Wed | Dec 2, 2020

Under the Gun! - Fear and panic across the Corporate Area as gangsters run riot in several communities

Published:Friday | July 7, 2017 | 12:00 AMRyon Jones
Members of the security forces on patrol in one of the hot spots in the Corporate Area last week.
ACP Devon Watkis, (second right) in talks with Police Commissioner George Quallo (left) and (from left) ACP Derrick 'Cowboy' Knight, and ACP Assan Thompson

From Rockfort in the east to Trench Town in the west, from Maverley in the north to Payne Land in the south, residents of sections of the Corporate Area were under the cosh last week as gangsters ran riot in the streets.

Unofficial reports put the number of persons killed at 12, with more than 15 persons, including women and children, left nursing gunshot wounds in a scary wide-scale outbreak of violence that has touched most inner-city communities.

A Sunday Gleaner probe linked the clashes to several issues, mainly related to friends who have now become foes.

The disputes stem from seemingly simple incidents, such as the supposed disrespect of a selector which has sparked the shootings in Maverley; the return of a group of young men who had been chased away from Payne Land; and the attempt by some young 'shottas' to overthrow a supposedly established don in Rockfort.

By yesterday, residents of several of these communities were bawling in fear as they urged the security forces to do more to stem the bloodletting.

But Devon Watkis, assistant police commissioner in charge of Area Four, which covers most of the Corporate Area, said many of the persons killed or injured in gun violence over the past week were connected to their attackers.

According to Watkis, the incidents were not just random shootings.

"The actors who have been killed or injured, in most instances, except for those persons who were unfortunately in their company, know one another and have been in some silly conflicts," said Watkis.

"Oftentimes, the police will never be present unless there is information, and where we have information, we have responded. We have been proactive and we are shifting the policing model to increasing preventive measures," added Watkis.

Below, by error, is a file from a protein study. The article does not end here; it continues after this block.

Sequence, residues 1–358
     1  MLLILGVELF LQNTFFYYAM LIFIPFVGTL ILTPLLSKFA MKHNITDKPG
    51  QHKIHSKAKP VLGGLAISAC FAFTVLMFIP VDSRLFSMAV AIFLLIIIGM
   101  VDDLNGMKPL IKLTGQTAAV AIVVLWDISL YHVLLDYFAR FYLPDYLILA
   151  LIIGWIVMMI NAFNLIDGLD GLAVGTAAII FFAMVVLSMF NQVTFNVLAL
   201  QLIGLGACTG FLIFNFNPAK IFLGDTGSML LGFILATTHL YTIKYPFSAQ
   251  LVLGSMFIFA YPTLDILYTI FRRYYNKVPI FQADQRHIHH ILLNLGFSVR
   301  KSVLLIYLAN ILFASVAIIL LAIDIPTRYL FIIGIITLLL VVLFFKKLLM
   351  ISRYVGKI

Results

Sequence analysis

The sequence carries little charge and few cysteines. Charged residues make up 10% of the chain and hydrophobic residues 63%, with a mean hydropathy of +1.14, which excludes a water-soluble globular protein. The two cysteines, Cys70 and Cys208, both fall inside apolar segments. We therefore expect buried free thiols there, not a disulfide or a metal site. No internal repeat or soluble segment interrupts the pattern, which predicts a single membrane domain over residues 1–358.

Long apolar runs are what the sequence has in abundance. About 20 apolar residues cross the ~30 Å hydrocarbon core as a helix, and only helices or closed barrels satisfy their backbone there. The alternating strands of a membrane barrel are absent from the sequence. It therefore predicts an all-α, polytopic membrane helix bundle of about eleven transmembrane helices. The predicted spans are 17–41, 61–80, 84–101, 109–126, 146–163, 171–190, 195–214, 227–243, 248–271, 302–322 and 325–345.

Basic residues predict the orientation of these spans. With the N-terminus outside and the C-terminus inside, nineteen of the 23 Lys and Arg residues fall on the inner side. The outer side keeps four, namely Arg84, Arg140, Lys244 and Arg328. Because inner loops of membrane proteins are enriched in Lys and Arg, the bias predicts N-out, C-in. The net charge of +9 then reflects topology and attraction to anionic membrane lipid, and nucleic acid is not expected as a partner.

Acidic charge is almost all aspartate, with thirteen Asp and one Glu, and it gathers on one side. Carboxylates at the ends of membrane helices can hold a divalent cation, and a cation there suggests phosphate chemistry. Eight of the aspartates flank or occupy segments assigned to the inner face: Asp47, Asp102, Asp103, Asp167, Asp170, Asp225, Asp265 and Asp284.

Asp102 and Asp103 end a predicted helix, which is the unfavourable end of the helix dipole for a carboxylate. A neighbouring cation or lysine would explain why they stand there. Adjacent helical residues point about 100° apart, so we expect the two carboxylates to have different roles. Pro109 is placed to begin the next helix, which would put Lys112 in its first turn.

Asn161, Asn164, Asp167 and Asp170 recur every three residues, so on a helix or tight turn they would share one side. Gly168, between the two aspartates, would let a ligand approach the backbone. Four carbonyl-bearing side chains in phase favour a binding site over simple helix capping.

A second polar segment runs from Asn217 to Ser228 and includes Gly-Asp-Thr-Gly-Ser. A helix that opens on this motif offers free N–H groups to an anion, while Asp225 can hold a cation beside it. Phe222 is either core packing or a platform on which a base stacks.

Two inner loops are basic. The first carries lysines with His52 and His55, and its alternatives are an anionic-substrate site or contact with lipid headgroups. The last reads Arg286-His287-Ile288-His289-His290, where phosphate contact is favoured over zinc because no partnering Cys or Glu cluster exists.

Proactive approach


That proactive approach by the police has resulted in a ban on social events and gatherings in some communities and foot patrols supported by soldiers in almost all of the troubled areas. Several illegal firearms were also seized during operations, mainly in west Kingston and Rockfort.

According to Watkis, more police have been placed on the ground, which has yielded an increase of more than 60 per cent in terms of the number of firearms and ammunition seized.

But he argued that the efforts of the police are being frustrated as more guns keep flowing into the island.

"We have identified that there are a lot of guns in the hands of persons who have no legal or moral responsibility. Those guns are not legally acquired. As to the source, we have an idea that maybe it is the guns-for-commodity trade between Haiti and Jamaica, and Costa Rica is also coming in with an exchange of guns," said Watkis.

"We are sure that at least few (guns) came through our controlled ports. And persons who were away and returned; some deportees and some persons who went to prison, and may have hidden their weapons, they are back.

"There are several gangs in the (Corporate) Area. In fact, we number 123 gangs, and at the base of those gangs are really those who are unfiltered and available to be recruited into gangs," added Watkis.

Despite the challenges, the senior crime-fighter is seeking to assure the more than 800,000 residents of the Corporate Area that the police are committed to bringing crime under control.

"I want to express my regret for those who have passed and those who have been injured, and reassure the people that the police, certainly in Area Four, are in the space both in overt and covert presence," said Watkis.

"We want to reassure them that the system, the structure is there and we are in earnest seeking to recruit more persons that will give us more opportunity to curtail the freedom of movement of those who are bent on carrying out unlawful activities.

"I will urge all Jamaicans to continue to take all precautions that they can, but in their own space they are to also contribute to the conversation of encouraging young people to change their ways."


Examine causes


According to Watkis, as the police do what they can, the causative factors of crime also have to be examined and emphasis placed on preventing youngsters from venture into a life of crime.

"There is a historic hurt that runs generations and carries a certain level of cycle to it; where there were adverse childhood experiences for females and males in terms of exposure to violence and being victimised that have been unresolved.

"Or where, at a young age, their mothers and fathers' lives were taken, and these young people coming up live with the thirst for reprisal," declared Watkis.